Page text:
Under People, she finds her name, the old picture, and beneath: Alice Pearson: Where is she now? There are arrest photos, crime scene photos. Here are the pictures of Molly, Stover, Trina, and Alice. Here are the grainy black-and-white crime scene photos blown up to four times their original size: an open palm, the pale fingers slightly curled. A foot extends from behind a couch. She has trouble looking, but she does. She feels like she’s taking a test, preparing herself for something. She sees Trina’s beau- tiful face looking at her.
More photos: an arsenal of guns, pieces of bloodied clothing. Alice was surprised when the police laid the photos of guns in front of her. She stared at them and shook her head. “I didn’t know we had guns,” she said. There is a photo of the reservoir and of Mr. Wyck’s clapboard house—the porch sunken in on one side, the door standing open. There are photos of Alice, Trina, Molly, and Stover at the beach together, of the four of them lined up in their Halloween costumes. Molly always had the best costume. Her mother sewed them—she was Cinderella in a shining white and blue dress, a tiara perched atop her blond coif, or a cheerleader with a fat felt letter carefully stitched onto her sweater, her hair in pigtails. Trina’s costumes were cobbled together from things in her closet. She was a hobo, a ghost. Stover had something from the store: Spiderman, Batman. The costumes were always too short for his long legs. Alice was the designer of her own costumes—though her mother’s increasing trips to secondhand shops made it easy. She was a fortune-teller, her hair beneath a kerchief, mismatched beads strung around her neck, a long skirt.
There are photos from the summer before they were arrested—pictures taken at a party by a guest of Mr. Wyck’s. Alice hardly knows which party it is. There were always people in the house, strangers. A face is blurred. She wonders who it is. It could be her. There are pictures of captures and cars at odd angles. There is a picture of Molly’s mother with her arms around Stuart. Lee. Only a few of the photos are in color. These were for magazine articles. There was something in Vanity Fair—part of a longer article about cults—Alice recalls, and something else in Time: “Where Are Your Children?” The same place they’ve always been, Alice thinks.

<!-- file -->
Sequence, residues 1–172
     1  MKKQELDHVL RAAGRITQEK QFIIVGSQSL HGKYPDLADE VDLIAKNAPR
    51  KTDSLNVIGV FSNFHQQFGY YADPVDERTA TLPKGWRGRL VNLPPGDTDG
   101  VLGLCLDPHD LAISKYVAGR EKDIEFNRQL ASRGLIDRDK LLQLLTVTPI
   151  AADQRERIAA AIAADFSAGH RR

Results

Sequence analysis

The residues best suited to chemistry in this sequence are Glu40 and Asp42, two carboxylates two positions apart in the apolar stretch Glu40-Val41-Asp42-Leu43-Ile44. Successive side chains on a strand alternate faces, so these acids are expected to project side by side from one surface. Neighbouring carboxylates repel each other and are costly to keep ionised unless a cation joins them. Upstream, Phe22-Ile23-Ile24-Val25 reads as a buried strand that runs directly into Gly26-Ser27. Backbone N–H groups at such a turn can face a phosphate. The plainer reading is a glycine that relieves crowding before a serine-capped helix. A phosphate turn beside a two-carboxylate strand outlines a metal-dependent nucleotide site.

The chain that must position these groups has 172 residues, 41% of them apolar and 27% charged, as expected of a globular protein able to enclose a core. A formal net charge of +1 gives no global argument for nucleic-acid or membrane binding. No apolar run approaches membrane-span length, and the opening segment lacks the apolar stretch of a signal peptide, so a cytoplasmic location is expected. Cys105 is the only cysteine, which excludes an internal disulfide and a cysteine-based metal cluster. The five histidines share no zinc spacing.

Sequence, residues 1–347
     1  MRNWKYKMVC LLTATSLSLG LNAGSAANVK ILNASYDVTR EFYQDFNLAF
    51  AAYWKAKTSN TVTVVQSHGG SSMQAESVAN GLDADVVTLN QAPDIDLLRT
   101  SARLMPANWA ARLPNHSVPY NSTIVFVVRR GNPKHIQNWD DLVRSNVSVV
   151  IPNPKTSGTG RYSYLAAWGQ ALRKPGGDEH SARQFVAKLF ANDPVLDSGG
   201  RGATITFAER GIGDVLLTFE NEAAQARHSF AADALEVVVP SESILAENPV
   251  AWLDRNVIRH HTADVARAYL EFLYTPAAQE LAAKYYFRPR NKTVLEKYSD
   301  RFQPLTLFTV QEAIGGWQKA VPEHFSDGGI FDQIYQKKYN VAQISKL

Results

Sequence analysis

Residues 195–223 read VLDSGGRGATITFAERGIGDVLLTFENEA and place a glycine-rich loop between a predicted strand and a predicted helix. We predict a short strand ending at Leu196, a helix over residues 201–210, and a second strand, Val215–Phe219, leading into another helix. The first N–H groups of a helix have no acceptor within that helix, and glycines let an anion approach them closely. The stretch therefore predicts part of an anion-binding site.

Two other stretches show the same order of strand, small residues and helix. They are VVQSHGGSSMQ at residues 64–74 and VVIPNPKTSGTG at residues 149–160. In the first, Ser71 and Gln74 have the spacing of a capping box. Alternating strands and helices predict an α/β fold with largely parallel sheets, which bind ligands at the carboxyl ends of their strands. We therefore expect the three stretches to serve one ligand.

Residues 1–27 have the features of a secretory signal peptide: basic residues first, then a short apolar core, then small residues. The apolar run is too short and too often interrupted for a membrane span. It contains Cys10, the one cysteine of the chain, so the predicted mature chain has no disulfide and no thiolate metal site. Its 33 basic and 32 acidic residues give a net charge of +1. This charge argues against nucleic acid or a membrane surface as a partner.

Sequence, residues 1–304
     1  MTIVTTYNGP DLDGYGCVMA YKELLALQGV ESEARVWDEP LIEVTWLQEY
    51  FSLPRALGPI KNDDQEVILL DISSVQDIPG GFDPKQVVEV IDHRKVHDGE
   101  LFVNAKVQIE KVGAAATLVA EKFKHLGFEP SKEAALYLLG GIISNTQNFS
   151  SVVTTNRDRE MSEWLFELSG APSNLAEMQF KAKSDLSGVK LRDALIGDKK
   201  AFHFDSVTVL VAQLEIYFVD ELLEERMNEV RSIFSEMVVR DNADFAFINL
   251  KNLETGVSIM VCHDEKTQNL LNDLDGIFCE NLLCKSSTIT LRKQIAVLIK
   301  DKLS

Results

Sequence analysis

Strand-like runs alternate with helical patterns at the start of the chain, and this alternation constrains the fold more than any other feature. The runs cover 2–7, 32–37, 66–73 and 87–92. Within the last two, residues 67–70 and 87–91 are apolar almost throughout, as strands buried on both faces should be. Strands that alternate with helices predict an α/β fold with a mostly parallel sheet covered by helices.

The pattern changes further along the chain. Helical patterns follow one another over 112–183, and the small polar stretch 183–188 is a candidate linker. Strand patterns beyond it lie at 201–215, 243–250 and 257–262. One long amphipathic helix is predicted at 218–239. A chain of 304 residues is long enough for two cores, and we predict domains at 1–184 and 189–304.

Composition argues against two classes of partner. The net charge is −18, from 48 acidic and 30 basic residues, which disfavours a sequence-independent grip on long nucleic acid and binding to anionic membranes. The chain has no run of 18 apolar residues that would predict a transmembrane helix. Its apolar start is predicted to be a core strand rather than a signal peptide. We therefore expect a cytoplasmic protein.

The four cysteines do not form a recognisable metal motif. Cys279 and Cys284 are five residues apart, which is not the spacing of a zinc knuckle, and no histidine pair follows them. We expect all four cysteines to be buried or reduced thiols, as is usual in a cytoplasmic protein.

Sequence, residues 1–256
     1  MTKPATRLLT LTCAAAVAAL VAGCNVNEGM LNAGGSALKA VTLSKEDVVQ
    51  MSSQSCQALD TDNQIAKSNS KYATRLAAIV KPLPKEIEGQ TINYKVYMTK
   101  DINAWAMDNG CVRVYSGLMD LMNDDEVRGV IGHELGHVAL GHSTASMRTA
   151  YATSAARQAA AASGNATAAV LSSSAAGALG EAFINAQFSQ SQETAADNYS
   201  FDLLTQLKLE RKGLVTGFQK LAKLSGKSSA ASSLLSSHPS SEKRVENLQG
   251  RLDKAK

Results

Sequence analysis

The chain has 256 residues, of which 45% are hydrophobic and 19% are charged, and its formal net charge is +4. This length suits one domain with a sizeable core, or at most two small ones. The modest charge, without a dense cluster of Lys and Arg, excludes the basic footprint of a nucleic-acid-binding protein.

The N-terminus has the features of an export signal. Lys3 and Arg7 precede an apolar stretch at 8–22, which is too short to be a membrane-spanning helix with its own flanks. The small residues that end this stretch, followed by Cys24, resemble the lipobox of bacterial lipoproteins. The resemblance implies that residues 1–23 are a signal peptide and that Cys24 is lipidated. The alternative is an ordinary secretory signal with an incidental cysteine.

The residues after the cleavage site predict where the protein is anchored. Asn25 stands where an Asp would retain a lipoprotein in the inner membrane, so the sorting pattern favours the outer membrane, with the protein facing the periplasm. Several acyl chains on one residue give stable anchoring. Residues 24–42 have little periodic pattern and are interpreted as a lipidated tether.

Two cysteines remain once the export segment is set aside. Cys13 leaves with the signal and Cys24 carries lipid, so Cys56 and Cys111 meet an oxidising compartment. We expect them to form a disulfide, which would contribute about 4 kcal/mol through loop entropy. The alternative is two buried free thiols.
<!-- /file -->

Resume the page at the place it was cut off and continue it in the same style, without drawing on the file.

She doesn’t remember Molly ever wearing her hair in two braids— especially for a class picture. She would have thought it made her look too young. It must have been Mrs. Malloy’s idea. And Stover—already six feet tall—you can see how thin and tall he is, like a small tree that shoots up, the trunk still narrow. Is Trina smiling? One side of her mouth is turned up. The curled lip still saying, Fuck you, Alice.
Alice gazes at the photo of herself. She hasn’t seen it for years. She’d just been arrested and she’s looking back over her shoulder, her hands cuffed behind her back. Alice remembers the photographer, who got closer than the police would have liked as they transferred her from the hotel into the patrol car. She’s wearing a ripped white shirt and baggy blue jeans. Her hair is long and unkempt. She’s clearly unhappy, frightened, her eyes round, her mouth a small downward arch, her face pale. A Wyckian has captioned the photo: Alice Pearson, Traitor.
Traitor? She sits back in her chair.
She clicks the window shut and stares at the screen saver, a scene of a spring forest—too verdant, too radiant to be real—but she would like to be there right now, in that overly ripe forest, in a cabin with a woodstove and something warm to eat, far from the grasp of the Wyckian Society’s lies.
When she lifts her teacup, it rattles against the saucer. She puts it down again. She folds her hands in her lap and closes her eyes. Alice Pearson. Indeed. Where is she now? Right here. She opens the web browser again, returning to the Wyckian Society page. Alice clicks “Chat.” A box pops up: You must create a username and password to join chat. Beside “User Name,” Alice types “SweetPea.”
<SweetPea> has joined the conversation.
DougRamsey: New user alert. Hey SP. Welcome.
SqueakyGirl: Curiosity killed cat
Jay24: The cat gets the mouse.
SweetPea: Hi DougRamsey. Thnx.
DougRamsey: Haven’t seen you b4
SweetPea: Just joined.
SqueakyGirl: The cheese stands alone
SweetPea: What are they talking about?
Jay24: Cheeeezzze. yum. 😉
SqueakyGirl: LOL. Me love cheese. ‘n crackaws.
Jay24: The gathering. <:o)
DougRamsey: Jay24 wants to meet SqueakyGirl in RT
SqueakyGirl: The pressure.
SqueakyGirl hands Jay24 a camera
DougRamsey: SweetPea u r quiet. Will u b there?
Jay24: SqueakyGirl I bet ur hot.
DougRamsey: Meet at the graves.
Alice stares at the word “graves” for a moment. Changing her name from Pearson to Wood was like creating a war shield out of tissue paper. Big Anniversary. Twenty years. She is standing on ice, and the ice is cracking beneath her feet.
Copyright © 2016 Beth Hahn.
To learn more or order a copy, visit:
Beth Hahn studied art and writing at the University of Pennsylvania and the Pennsylvania Academy of the Fine Arts and earned an MFA in fiction from Sarah Lawrence College. She attended the Bread Loaf Writer's Conference and has been the recipient of a Ragdale Foundation residency. Beth’s short stories have appeared in Necessary Fiction, The Hawai'i Review, The South Carolina Review, and The Emrys Journal. She lives in New Castle, New York, with her husband, where she teaches yoga.